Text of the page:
A federal judge removes a ‘substantial obstacle’ to accessing abortion during the pandemic.
In the ongoing fight for abortion rights, reproductive justice advocates earned a victory this summer—albeit a precarious one—when a lower court judge suspended FDA guidelines that required patients who are prescribed mifepristone to travel to a hospital, clinic or medical office to pick up the medication, rather than fill the prescription by mail, for the duration of the COVID-19 public health emergency.
The federal judge, Judge Theodore Chuang, ruled that “in-person requirements” impose a “substantial obstacle” for those seeking a medication abortion during the COVID-19 pandemic.
In response, the Trump administration filed an emergency request to the Supreme Court to have the rule reinstated (The Trump administration often seeks this type of intervention when it loses in the lower courts).
On Thursday, the Supreme Court delayed ruling on the Trump administration’s restrictions on mifepristone (one of two drugs used together as medication abortion to end pregnancies and as miscarriage management)—meaning the Supreme Court will allow, for the time being, medication abortion to continue to be dispensed by mail during the COVID-19 pandemic (despite the Trump administration’s protest).
“Lifting the restrictions on medication abortion can dramatically expand access,” said Sung Yeon Choimorrow, executive director of the National Asian Pacific Women’s Forum. “People should be able to get the care and information they need to have an abortion on their own terms, whether that is at a clinic or in their home, and without fear of punishment.”
This article originally appeared in the Fall 2020 issue of Ms.
FDA Restrictions on Medication Abortion
Despite 20 years of safe use, the FDA still restricts how medication abortion care is dispensed.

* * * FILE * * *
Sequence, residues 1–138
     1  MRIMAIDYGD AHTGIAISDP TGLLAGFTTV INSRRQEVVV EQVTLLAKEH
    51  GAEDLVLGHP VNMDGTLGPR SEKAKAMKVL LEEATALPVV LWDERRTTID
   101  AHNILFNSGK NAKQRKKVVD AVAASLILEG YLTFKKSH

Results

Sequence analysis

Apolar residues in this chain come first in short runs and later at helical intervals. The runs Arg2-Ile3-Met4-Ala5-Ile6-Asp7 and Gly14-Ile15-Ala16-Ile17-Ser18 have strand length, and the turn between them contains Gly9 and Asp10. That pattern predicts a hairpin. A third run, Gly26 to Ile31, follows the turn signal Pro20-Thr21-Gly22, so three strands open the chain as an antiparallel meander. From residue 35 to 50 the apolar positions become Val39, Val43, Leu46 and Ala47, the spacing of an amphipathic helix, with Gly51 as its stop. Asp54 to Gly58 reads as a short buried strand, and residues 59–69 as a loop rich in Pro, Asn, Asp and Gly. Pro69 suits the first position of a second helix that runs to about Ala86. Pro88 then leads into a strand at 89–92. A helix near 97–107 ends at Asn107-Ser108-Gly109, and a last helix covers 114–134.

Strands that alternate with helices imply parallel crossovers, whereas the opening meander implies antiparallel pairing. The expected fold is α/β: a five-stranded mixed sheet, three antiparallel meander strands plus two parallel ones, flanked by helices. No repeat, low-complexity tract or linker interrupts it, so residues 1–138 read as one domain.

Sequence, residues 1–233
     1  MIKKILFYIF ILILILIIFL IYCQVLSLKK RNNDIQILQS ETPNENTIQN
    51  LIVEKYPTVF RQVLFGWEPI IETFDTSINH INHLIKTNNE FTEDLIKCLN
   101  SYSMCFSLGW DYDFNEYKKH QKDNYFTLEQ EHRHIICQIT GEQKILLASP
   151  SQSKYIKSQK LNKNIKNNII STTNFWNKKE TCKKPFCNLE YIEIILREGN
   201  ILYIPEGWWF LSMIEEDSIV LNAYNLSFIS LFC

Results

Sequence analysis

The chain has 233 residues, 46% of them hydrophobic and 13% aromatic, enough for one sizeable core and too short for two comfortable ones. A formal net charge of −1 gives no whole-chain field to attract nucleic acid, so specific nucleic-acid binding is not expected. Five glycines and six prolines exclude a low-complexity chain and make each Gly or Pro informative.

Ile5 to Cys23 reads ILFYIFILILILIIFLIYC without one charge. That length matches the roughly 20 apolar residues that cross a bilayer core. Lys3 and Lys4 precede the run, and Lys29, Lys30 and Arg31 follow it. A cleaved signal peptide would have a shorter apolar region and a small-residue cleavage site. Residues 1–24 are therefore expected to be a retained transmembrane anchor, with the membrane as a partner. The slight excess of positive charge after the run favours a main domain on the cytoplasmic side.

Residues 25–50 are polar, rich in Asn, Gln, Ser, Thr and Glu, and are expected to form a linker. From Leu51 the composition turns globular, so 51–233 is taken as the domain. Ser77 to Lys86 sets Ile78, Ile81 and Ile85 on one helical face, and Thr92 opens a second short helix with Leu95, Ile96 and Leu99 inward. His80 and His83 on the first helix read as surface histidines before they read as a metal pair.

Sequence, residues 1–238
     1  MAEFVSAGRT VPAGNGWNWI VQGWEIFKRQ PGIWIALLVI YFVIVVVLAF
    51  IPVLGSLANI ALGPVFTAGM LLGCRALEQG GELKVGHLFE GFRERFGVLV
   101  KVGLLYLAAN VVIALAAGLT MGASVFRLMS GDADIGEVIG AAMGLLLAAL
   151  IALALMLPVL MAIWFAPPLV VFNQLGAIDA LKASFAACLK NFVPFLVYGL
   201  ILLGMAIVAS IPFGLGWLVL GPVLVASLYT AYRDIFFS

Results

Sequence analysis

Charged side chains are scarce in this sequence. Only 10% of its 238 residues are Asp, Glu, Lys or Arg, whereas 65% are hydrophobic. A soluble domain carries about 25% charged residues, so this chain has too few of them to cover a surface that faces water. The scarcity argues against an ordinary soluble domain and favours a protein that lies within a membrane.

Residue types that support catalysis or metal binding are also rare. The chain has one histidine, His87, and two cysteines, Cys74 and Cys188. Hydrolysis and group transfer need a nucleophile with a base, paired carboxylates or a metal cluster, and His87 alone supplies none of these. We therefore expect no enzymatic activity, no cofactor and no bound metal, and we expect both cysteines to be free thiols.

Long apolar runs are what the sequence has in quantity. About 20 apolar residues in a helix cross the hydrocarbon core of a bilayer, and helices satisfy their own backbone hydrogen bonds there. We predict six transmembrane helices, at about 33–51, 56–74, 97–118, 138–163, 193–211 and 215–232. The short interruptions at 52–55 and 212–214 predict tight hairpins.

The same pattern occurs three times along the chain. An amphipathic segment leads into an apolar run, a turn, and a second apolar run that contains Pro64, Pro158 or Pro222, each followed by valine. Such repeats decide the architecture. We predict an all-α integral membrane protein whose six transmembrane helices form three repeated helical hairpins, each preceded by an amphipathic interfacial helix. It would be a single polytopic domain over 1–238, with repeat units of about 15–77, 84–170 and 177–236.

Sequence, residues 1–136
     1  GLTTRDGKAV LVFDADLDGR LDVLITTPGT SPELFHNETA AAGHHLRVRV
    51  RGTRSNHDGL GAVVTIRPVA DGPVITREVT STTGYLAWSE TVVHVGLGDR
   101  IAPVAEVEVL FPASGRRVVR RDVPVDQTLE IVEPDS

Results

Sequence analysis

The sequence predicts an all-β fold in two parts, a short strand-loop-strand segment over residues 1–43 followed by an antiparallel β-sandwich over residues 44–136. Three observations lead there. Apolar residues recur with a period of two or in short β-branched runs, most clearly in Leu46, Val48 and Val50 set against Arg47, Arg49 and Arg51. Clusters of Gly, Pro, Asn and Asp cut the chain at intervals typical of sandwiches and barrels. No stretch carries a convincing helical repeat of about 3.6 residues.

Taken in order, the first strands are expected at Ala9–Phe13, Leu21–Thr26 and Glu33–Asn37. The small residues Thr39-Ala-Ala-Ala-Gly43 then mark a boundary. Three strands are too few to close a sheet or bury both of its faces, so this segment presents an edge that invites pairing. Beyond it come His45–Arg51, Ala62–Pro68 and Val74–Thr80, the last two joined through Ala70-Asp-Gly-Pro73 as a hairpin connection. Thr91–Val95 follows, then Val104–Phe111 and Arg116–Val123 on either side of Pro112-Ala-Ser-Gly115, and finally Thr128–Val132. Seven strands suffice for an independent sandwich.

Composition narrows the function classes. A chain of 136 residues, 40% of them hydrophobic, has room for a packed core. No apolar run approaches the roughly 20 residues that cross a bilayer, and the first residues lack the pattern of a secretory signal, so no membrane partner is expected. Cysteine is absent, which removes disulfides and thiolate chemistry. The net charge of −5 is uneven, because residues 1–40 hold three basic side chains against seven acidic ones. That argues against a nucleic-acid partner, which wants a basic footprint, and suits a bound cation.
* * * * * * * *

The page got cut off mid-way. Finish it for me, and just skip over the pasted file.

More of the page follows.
Before this summer ruling, women were required to make an in-person visit to a clinic or medical office to access the abortion pill. Meeting with a doctor via telemedicine and receiving the pill by mail, having a prescription called into a pharmacy or using a mail-order pharmacy were not options as they are for the majority of other medicines. The Food and Drug Administration is currently challenging the ruling and requested that the in-person requirement be reinstated, but the request was denied by the 4th U.S. Circuit Court of Appeals in August.
First approved for use in the U.S. two decades ago, medication abortion refers to the process in which an abortion-seeker takes two medications—mifepristone and misoprostol—in order to terminate a pregnancy up to about 10 weeks after the last menstrual period or to manage a miscarriage. This process is highly effective (with a more than 95 percent success rate) and safe (serious complications occur in fewer than 4/10 of 1 percent of cases), according to the Guttmacher Institute.
In his ruling, U.S. District Judge Chuang temporarily suspended the in-person federal requirement for abortions, allowing doctors to have mifepristone mailed directly to their patients. (The other drug, misoprostol, is not as regulated as mifepristone, and is not as difficult for patients to access.)
But this ruling does not affect the 18 states that currently prohibit telemedicine abortion with state-level restrictions, leaving many patients with the decision of whether to risk contracting COVID- 19 in order to obtain an abortion.
Dr. Jamila Perritt, an OB-GYN and abortion provider in Washington, D.C., has seen these restrictions on telemedicine and abortion by mail function as barriers to access.
“You actually have to be face-to- face with the provider. And they have to watch you ingest this medication, and … that is the biggest barrier,” Perritt explains. “Those barriers are compounded when you have any life circumstances that might make it dif- ficult for you to get [to a provider’s office]. Do you have a job? Do you have other children? Do you have issues with transportation?”
Dr. Abigail Aiken, an assistant professor at the University of Texas at Austin who researches medication abortion access in the U.S. (among other countries), believes that the ability to access abortion by mail would dramatically increase access overall, and afford patients privacy and autonomy in a way that the current FDA restrictions do not.
“You see this in the demand for on- line telemedicine, too—if someone is able to have pills mailed to them, it just removes the transport barriers, the distance barriers. It makes it radi- cally less expensive. It’s much more convenient,” Aiken says.
While July’s ruling has lessened the burden for medication abortion- seekers for now, the FDA’s regulations, as well as state-level restrictions, remain in place long-term.
As few as 30 days after the current federal public health emergency is over, the same strict rules that have limited access for the past two decades will once again go into effect across the country.
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